Human Trafficking Bill Resurrected in Congress
This week the Senate took care of the unfinished business of reauthorizing legislation to combat the crime of trafficking, including services for domestic victims. Now it's up to the House.
The Senate applied the buddy system this week to shepherd anti-human trafficking legislation through the system. Senator Patrick Leahy (D-VT) attached the Trafficking Victims Protection Reauthorization Act (TVPRA) as an amendment to the Violence Against Women Act (VAWA).
On Tuesday, Leahy's amendment passed 93 to 5 and VAWA then passed 78 to 22.
If the Senate version becomes law, funding for housing, legal services, counseling and case management will be available for the first time to domestic victims of sex and labor trafficking; it’s estimated that American-born citizens make up 83 percent of sex trafficking cases in the U.S. “Our effort is to stop human trafficking at its roots by supporting both domestic and international efforts to fight against trafficking and to punish its perpetrators,” said Leahy. “We provide critical resources to help support victims as they rebuild their lives,” he said.
Many updates are included, According to an aide in Leahy’s office: “It ensures better coordination among federal agencies, between law enforcement and victim service providers, and with foreign countries to work on every facet of this complicated problem. It includes measures to encourage victims to come forward and report this terrible crime, which leads to more prosecutions and help for more victims.”
The TVPA had expired in 2011 and failed to get reauthorized in 2012. Another failed attempt at reauthorization this session would have been devastating to domestic victims of sex trafficking, who saw their best hopes of treatment and prevention programs stalled last year, even though it had enjoyed bipartisan support since first passing in 2000. A Democratic aide explained the impact after chances of passage disappeared at the end of December: “Funding will continue through the appropriations process [through 2013], but the failure to pass a reauthorization bill" would mean "no updates or improvements to existing programs, like services for domestic trafficking victims.”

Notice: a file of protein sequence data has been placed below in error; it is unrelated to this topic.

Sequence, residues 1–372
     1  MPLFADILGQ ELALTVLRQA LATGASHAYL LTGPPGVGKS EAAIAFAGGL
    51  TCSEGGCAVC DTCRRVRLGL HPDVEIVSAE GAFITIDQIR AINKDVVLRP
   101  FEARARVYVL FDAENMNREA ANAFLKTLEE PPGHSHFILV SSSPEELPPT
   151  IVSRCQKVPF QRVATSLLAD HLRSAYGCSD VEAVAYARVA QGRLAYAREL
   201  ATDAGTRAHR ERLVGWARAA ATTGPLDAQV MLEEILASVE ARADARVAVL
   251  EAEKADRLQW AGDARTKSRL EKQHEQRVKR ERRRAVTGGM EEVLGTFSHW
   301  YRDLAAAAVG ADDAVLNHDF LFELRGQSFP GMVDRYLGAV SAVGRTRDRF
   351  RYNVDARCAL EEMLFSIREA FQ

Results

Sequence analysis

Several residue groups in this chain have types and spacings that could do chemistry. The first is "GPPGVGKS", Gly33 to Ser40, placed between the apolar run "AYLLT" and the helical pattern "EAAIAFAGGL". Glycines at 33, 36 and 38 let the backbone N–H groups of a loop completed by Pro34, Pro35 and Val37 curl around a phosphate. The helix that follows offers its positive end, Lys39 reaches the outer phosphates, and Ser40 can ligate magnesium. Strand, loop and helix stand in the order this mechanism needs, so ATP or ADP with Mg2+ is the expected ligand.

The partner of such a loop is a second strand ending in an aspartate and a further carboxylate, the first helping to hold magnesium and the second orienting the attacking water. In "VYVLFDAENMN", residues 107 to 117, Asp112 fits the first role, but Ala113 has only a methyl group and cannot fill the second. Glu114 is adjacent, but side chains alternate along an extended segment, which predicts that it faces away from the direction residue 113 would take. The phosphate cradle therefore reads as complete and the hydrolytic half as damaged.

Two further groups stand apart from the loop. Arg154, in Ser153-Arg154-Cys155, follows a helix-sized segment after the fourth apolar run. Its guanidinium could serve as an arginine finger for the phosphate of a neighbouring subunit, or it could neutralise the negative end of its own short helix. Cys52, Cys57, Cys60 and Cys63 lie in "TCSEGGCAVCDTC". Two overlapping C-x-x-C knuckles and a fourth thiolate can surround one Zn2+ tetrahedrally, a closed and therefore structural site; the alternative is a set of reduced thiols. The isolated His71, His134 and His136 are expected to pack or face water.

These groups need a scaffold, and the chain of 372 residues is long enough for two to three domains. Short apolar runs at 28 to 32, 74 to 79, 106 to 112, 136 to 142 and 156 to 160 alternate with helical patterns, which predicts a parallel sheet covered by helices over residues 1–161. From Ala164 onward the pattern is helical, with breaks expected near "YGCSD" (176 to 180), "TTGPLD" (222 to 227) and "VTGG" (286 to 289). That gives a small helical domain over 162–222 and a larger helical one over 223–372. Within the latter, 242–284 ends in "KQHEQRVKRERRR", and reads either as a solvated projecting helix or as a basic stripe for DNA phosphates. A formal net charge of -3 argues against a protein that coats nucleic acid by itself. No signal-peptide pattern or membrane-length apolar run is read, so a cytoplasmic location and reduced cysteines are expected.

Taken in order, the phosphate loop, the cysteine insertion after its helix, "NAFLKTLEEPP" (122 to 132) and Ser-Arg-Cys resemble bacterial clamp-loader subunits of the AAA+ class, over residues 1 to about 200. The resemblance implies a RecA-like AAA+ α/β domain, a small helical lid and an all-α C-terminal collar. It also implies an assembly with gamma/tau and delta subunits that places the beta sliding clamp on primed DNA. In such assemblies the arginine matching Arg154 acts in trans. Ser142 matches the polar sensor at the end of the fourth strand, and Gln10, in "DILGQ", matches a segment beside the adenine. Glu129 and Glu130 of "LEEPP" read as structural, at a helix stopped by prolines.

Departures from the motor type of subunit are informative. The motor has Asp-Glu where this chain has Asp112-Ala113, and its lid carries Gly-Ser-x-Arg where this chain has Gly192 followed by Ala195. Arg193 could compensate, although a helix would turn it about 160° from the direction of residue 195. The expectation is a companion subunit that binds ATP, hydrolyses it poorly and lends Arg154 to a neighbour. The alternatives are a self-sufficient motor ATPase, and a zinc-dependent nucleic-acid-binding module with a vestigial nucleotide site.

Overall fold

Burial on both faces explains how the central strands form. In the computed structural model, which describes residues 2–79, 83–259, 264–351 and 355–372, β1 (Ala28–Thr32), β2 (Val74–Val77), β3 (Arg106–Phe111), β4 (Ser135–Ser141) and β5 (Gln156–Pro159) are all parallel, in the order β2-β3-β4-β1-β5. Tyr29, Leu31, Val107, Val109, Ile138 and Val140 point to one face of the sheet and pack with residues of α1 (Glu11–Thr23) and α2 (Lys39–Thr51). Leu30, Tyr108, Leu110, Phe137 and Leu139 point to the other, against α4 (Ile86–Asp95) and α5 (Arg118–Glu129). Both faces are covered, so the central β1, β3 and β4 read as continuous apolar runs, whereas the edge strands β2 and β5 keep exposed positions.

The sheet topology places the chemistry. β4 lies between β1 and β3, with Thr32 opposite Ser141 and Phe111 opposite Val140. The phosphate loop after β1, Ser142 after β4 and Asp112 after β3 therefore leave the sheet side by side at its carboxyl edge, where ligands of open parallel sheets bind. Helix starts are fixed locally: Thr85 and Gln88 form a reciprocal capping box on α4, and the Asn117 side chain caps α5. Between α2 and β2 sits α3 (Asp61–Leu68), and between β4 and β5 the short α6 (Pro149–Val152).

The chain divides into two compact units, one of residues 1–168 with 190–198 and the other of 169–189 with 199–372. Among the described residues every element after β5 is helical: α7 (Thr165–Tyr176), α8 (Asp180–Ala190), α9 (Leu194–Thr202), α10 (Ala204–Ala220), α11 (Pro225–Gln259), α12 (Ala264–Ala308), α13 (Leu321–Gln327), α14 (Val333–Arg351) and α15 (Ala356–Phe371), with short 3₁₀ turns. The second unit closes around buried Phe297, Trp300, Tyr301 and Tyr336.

If the Senate version is passed in the House, funding would be extended through 2017.
A second, bipartisan trafficking amendment was added to the VAWA also on Tuesday through the offices of Senators Richard Blumenthal (D-CT) and Rob Portman (R-OH), to protect child sex-trafficking victims. Another sign of momentum in Congress on combating trafficking is Senator Barbara Boxer’s (D-CA) bill that would “establish the United States Advisory Council on Human Trafficking to review federal government policy on human trafficking.”
President Obama had expressed his commitment to stopping domestic trafficking last September in a speech at the Clinton Global Initiative. “The bitter truth is that trafficking also goes on right here, in the United States, " he said. "It’s the migrant worker unable to pay off the debt to his trafficker. The man lured here with the promise of a job, documents then taken, and forced to work endless hours in a kitchen. The teenage girl, beaten, forced to walk the streets,” That same month the president signed an executive order stating the United States would “lead by example” and take steps to “ensure that federal contracts are not awarded to companies or nations implicated in trafficking,” the New York Times reported.